Under the existing framework on annulment of trades executed on stock exchanges, dealings on an exchange are treated as inviolable and the exchange may annul trades only on grounds of fraud, willful misrepresentation or material mistake in the trade. SAT has held that negligence and execution of erroneous trades do not qualify for annulment.
SEBI, with an objective to provide transparency and uniformity in the trade annulment process, issued a circular on July 16, 2015 prescribing a policy for annulment of trades, resulting from material mistake or erroneous orders. As per the Circular, exchanges can consider annulment of trades on their own or on a stock broker’s request. Exchanges have to define suitable criteria to discourage frivolous requests and implement a framework to penalize brokers who place erroneous orders. A broker has to submit the request to the exchange within 30 minutes of the execution of the particular trade. The exchange is required to inform the details of the said request to all its brokers in a time bound manner. The exchange has to consider the potential effect of such annulment on the trades of other stock brokers/ investors across all segments and decide upon the request before the start of next trading day. The policy provides an alternate mechanism whereby exchanges can reset the price of the trade, if price reset is less disruptive than annulment of the trade. The exchange needs to convey its reasoned decision to all counter parties. The policy also allows an aggrieved party to submit a request to the stock exchange for review of the decision taken by the exchange. Further, the Circular allows exchanges to annul trades resulting from willful misrepresentation, manipulation or fraud, as provided in their extant bye-laws.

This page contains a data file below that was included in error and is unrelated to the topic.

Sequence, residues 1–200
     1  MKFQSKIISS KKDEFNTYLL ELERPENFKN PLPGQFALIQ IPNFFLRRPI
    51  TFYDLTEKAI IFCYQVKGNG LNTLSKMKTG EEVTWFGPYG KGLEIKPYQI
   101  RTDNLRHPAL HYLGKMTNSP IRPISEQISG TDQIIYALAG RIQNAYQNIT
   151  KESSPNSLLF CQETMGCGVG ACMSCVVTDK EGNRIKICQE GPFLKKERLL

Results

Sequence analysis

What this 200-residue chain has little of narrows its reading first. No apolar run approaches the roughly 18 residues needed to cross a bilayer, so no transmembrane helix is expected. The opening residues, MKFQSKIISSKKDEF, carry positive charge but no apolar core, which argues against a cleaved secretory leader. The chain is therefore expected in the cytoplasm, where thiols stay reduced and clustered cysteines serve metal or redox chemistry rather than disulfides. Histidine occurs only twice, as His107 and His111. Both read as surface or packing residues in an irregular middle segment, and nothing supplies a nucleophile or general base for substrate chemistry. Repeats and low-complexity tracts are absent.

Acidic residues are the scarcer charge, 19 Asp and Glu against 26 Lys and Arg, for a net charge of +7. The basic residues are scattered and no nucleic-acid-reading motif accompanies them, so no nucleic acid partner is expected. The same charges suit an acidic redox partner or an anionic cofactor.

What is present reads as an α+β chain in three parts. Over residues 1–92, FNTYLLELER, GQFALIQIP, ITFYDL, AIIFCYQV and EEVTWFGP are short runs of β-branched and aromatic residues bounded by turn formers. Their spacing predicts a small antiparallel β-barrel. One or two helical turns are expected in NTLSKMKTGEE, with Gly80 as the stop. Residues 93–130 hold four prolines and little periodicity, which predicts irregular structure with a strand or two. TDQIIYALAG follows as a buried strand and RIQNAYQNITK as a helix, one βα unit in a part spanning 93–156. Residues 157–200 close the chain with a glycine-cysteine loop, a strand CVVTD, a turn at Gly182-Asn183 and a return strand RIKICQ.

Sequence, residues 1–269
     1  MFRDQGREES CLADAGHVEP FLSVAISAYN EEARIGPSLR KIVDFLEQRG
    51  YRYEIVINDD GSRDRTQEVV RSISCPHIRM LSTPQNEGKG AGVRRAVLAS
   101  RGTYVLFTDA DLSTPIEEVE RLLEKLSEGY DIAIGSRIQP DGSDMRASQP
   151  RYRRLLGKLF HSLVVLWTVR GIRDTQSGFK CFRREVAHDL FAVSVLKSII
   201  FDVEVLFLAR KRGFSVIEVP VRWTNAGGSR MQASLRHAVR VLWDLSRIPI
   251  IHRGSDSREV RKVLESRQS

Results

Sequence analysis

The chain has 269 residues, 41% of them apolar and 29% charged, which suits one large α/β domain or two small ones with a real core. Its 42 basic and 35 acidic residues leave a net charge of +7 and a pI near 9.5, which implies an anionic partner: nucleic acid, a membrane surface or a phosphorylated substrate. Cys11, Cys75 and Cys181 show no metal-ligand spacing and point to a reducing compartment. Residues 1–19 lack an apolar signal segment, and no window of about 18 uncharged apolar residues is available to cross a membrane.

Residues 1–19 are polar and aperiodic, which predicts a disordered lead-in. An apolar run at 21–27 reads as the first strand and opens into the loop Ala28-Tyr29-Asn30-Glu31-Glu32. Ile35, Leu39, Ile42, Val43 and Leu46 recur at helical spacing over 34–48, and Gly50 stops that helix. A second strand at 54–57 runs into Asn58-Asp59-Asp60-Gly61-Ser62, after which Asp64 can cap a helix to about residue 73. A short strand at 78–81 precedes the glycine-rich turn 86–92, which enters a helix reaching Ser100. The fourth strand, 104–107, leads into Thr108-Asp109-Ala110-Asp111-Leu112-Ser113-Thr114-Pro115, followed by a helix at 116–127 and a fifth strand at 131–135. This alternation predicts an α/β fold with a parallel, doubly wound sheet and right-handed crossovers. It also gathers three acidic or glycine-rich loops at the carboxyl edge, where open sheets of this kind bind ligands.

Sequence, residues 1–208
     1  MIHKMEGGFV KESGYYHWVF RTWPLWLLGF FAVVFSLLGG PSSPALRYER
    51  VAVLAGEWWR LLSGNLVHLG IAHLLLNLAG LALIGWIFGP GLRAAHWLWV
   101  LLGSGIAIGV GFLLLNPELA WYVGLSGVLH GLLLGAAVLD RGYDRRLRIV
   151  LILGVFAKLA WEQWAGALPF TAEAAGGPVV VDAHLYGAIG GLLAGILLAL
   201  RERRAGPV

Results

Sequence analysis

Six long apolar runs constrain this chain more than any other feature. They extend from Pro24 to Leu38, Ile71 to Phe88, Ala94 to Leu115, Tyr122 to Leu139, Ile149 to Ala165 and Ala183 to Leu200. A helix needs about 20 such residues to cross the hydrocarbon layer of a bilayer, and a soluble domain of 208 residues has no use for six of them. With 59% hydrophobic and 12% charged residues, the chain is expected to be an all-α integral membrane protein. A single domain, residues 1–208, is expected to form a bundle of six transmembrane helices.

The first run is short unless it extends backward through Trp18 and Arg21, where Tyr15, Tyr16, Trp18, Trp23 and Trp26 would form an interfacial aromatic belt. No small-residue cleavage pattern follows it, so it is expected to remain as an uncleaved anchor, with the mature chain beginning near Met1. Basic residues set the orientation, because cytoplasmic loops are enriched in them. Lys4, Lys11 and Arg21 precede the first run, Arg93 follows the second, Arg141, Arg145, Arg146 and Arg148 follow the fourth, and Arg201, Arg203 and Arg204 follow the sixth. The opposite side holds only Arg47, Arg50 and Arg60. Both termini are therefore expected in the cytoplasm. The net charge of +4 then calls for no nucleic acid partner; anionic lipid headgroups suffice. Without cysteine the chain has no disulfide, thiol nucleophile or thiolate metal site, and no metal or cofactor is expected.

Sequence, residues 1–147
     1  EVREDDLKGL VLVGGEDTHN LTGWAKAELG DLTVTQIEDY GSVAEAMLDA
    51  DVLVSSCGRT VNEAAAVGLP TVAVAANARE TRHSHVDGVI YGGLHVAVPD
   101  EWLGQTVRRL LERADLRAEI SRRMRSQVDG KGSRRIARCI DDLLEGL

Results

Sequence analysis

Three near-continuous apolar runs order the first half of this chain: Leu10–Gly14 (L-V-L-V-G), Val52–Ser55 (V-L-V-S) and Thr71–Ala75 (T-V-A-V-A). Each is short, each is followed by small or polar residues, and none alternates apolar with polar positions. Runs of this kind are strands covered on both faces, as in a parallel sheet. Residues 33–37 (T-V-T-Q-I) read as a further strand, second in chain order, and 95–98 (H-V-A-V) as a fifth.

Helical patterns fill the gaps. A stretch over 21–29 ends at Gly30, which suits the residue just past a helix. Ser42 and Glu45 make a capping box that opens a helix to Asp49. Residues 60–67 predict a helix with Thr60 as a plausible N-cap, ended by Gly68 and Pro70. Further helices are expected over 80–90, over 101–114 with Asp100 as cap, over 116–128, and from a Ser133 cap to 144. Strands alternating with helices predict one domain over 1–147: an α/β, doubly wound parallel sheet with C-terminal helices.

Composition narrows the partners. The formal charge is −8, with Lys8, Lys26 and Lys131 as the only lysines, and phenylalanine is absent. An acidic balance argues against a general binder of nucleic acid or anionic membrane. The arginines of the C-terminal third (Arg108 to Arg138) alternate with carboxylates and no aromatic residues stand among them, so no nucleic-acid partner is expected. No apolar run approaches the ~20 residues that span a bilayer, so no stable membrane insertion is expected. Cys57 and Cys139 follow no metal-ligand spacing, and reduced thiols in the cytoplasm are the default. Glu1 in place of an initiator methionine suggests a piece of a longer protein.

Stock exchanges need to implement the changes within a month from the date of the Circular. The modified policy will provide more clarity on the issue of annulment of ‘fat finger trades’, i.e., trades containing a mistyped order. The famous erroneous trade entered by Emkay in 2012 (and several other prior instances) highlighted the need for a specific policy which would be fair to the one committing the error, to the counterparty to such a trade and to the market which is impacted by the price movement. While basic principles of contract law do not recognize a contract without meeting of minds, the anonymous and large secondary markets require a more nuanced approach to the problem – which will now be available. Globally most regulators or exchanges provide for such a framework.